JT: The pair are so close through the mention of bile and biliousness and they share confinement to the sofa. Whether Austen meant more than making brave comedy of her own ailments by giving them to this energetic, busy-bodying spinster who loves the sound of her own voice, we can’t know. As you’ve surmised, I have a soft spot for Diana and think she, like Lady Denham, falls foul (just a little) of Charlotte’s youthfully absolute judgements.
DB: There seems to be no prejudice shown to the half mulatto Miss Lambe, which seems surprising given that slavery, if not the trade, was still rife. Do you think it is a matter of her race being bleached by wealth, as Harriet’s illegitimacy in Emma?
JT: True to some extent, for she is fabulously wealthy and, as a half mulatto, she’d probably have been very fair. Although it created some virulent caricatures of black people during the slavery debates, the Regency period is less universally prejudiced than the later 19th century with its pseudo-science of race.
DB: I like your inference that Sanditon is in style a kind of harking back to the family entertainment of Austen’s juvenilia. Do you think that’s what it was, or do you believe she’d have rewritten and refined to the level of the others, had she lived longer?
JT: Her jolly, burlesquing, comic style surfaces throughout her life in family writings–in letters, funny poems about people and names that amused her, and in ‘Plan of a Novel’, written s year before Sanditon. The seam of broad comedy is always near the surface in Jane Austen. Without earlier manuscripts we can’t know her creative process, but I suspect there was more comedy and literary quotation in all the first drafts than appear in the finished novels. Austen often delights in humorous, loquacious characters like Miss Bates in Emma and Mr Collins in Pride and Prejudice, but they are given more glorious scope in Sanditon than elsewhere.
Janet Todd and Diana Birchall at The Huntington Library and Gardens in San Marino, California circa 1999
Many thanks for joining us here today ladies. I did not want this conversation to end and hope that you can visit again in the future.
Best known for her work excavating early women writers, Janet Todd has been a nomadic academic for most of her adult life, teaching in Ghana, Puerto Rico, North America, India, England, and Scotland; most recently she’s been president of Lucy Cavendish, a college for women over 21 in Cambridge.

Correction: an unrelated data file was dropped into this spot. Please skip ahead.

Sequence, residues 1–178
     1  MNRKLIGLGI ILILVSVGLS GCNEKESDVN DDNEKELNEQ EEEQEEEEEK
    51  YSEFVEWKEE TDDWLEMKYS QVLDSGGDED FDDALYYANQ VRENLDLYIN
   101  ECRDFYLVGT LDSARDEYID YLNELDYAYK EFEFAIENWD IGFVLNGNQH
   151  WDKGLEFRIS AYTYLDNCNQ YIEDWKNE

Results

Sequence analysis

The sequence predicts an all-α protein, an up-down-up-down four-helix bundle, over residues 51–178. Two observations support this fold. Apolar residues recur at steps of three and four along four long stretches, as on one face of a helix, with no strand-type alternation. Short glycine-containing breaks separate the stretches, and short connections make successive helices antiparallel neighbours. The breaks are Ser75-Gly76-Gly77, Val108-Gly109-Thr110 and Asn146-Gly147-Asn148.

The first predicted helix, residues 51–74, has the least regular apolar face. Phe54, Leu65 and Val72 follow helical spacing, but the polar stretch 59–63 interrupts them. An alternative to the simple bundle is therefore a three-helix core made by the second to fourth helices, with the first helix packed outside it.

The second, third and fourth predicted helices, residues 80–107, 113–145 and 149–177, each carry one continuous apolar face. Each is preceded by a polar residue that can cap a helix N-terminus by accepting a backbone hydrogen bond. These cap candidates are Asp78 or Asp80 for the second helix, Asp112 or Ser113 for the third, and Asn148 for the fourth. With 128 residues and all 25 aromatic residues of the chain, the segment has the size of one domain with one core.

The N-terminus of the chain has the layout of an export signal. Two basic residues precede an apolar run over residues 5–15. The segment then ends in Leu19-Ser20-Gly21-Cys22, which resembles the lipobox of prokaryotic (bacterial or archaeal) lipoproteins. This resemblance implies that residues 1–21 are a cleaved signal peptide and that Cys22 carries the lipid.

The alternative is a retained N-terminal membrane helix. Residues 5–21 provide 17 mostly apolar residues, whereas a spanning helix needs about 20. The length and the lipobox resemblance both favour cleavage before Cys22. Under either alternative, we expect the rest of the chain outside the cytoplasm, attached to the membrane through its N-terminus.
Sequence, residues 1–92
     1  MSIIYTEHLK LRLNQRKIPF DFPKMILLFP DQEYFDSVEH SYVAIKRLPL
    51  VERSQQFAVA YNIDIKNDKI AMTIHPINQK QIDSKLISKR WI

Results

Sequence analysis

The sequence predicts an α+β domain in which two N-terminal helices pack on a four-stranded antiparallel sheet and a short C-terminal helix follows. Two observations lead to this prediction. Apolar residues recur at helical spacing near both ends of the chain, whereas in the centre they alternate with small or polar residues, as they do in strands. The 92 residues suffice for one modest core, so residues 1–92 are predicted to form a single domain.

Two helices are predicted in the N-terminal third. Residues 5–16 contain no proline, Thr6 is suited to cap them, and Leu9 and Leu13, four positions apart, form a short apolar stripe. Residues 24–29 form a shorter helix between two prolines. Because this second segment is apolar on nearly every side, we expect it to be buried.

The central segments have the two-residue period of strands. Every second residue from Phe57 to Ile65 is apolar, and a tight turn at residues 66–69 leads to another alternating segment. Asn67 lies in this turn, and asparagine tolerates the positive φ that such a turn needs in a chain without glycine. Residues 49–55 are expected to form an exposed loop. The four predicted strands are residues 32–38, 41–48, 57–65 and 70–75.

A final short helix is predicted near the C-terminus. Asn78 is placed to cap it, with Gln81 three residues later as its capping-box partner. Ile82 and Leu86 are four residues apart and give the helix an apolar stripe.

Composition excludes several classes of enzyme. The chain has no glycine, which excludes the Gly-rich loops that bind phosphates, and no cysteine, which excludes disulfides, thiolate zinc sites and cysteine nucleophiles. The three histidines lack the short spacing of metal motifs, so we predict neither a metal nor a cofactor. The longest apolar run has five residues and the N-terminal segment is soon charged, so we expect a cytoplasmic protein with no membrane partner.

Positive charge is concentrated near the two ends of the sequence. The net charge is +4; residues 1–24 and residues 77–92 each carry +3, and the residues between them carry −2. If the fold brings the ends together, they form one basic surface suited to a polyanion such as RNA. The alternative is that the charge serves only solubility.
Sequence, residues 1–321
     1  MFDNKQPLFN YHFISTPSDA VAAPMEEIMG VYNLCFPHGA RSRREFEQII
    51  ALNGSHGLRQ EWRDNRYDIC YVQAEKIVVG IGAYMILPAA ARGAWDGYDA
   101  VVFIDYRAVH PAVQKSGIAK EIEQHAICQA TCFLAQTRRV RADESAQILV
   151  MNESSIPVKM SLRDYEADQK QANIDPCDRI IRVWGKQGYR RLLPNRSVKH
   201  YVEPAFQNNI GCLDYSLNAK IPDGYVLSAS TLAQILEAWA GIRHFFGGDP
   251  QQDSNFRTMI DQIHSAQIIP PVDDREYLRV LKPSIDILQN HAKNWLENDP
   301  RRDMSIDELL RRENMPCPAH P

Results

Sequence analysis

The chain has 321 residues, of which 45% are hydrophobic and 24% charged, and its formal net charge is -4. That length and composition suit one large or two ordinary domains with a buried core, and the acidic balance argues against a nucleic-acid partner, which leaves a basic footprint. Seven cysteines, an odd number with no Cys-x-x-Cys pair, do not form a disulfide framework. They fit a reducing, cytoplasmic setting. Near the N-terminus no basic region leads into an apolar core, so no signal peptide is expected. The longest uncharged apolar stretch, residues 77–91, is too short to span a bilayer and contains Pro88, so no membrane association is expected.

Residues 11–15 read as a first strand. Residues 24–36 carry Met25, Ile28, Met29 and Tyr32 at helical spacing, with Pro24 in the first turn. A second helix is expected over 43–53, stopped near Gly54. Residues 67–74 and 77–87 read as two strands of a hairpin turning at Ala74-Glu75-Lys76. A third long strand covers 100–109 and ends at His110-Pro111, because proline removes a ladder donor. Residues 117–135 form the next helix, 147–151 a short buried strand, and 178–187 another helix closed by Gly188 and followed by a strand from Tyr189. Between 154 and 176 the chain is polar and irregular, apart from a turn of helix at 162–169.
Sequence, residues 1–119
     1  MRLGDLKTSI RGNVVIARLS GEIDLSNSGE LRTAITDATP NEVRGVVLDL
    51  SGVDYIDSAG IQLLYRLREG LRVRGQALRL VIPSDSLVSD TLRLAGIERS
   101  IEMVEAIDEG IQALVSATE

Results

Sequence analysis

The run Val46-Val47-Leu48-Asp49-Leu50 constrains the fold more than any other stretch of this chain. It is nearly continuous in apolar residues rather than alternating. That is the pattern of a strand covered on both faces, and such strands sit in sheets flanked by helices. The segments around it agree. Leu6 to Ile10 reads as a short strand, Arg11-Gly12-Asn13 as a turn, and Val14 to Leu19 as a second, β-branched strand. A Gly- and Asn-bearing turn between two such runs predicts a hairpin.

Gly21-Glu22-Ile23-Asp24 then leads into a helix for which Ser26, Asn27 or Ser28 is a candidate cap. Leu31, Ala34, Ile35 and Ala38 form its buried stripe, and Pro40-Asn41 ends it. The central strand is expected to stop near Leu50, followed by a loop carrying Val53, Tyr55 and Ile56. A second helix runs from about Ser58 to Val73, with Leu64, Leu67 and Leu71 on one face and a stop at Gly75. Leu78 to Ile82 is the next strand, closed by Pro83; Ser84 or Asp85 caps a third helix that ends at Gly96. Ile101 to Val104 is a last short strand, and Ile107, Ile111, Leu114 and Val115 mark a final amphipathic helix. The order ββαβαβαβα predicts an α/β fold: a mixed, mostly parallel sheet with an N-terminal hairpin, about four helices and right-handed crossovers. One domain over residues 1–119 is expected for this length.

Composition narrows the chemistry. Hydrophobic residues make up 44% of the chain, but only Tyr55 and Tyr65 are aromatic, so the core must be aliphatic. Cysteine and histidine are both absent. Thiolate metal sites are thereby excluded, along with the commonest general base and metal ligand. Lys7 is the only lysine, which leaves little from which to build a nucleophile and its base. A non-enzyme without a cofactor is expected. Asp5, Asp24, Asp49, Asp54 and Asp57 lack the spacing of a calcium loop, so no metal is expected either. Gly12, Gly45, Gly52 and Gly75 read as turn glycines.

In her trilogy of biographies, Janet looks at Mary Wollstonecraft and her feminist legacy: Mary Wollstonecraft: A Revolutionary Life; Rebel Daughters/ Daughters of Ireland about her pupil, the Irish radical Lady Mount Cashell, and Death and the Maidens: Fanny Wollstonecraft and the Shelley Circle on her daughters, Mary Shelley and Fanny. Two further biographical works concern Austen and Aphra Behn: Jane Austen: Her Life, Her Times, Her Novels and Aphra Behn: A Secret Life.
A bout of cancer stirred up the past and the result was: Radiation Diaries: cancer, memory, and fragments of a life in words. Turning out to be a literary as well as physical memoir, inevitably it touched on Janet’s long relationship with Jane Austen–which continues with this edition of Sanditon.
Now outside the academy, Janet writes novels, the first a Jane Austen spin-off, Lady Susan Plays the Game (2013), the second A Man of Genius, set in 19th-century Venice (2016), and the third (forthcoming) Don’t You Know There’s a War On?
Diana Birchall worked for many years at Warner Bros studios as a story analyst, reading novels to see if they would make movies. Reading manuscripts went side by side with a restorative and sanity-preserving life in Jane Austen studies and resulted in her writing Austenesque fiction both as homage and attempted investigation of the secrets of Jane Austen’s style. She is the author of In Defense of Mrs. Elton, Mrs. Elton in America, Mrs. Darcy’s Dilemma, and the new The Bride of Northanger. She has written hundreds of Austenesque short stories and plays, as well as a biography of her novelist grandmother, and has lectured on her books and staged play readings at places as diverse as Hollywood, Brooklyn, Montreal, Chawton House Library, Alaska, and Yale.
Jane Austen’s Sanditon with an Essay by Janet Todd
Fentum Press (2019)
Hardcover & eBook (208) pages
Cover image courtesy of Fentum Press © 2019; text Laurel Ann Nattress, Janet Todd, & Diana Birchall © 2019, Austenprose.com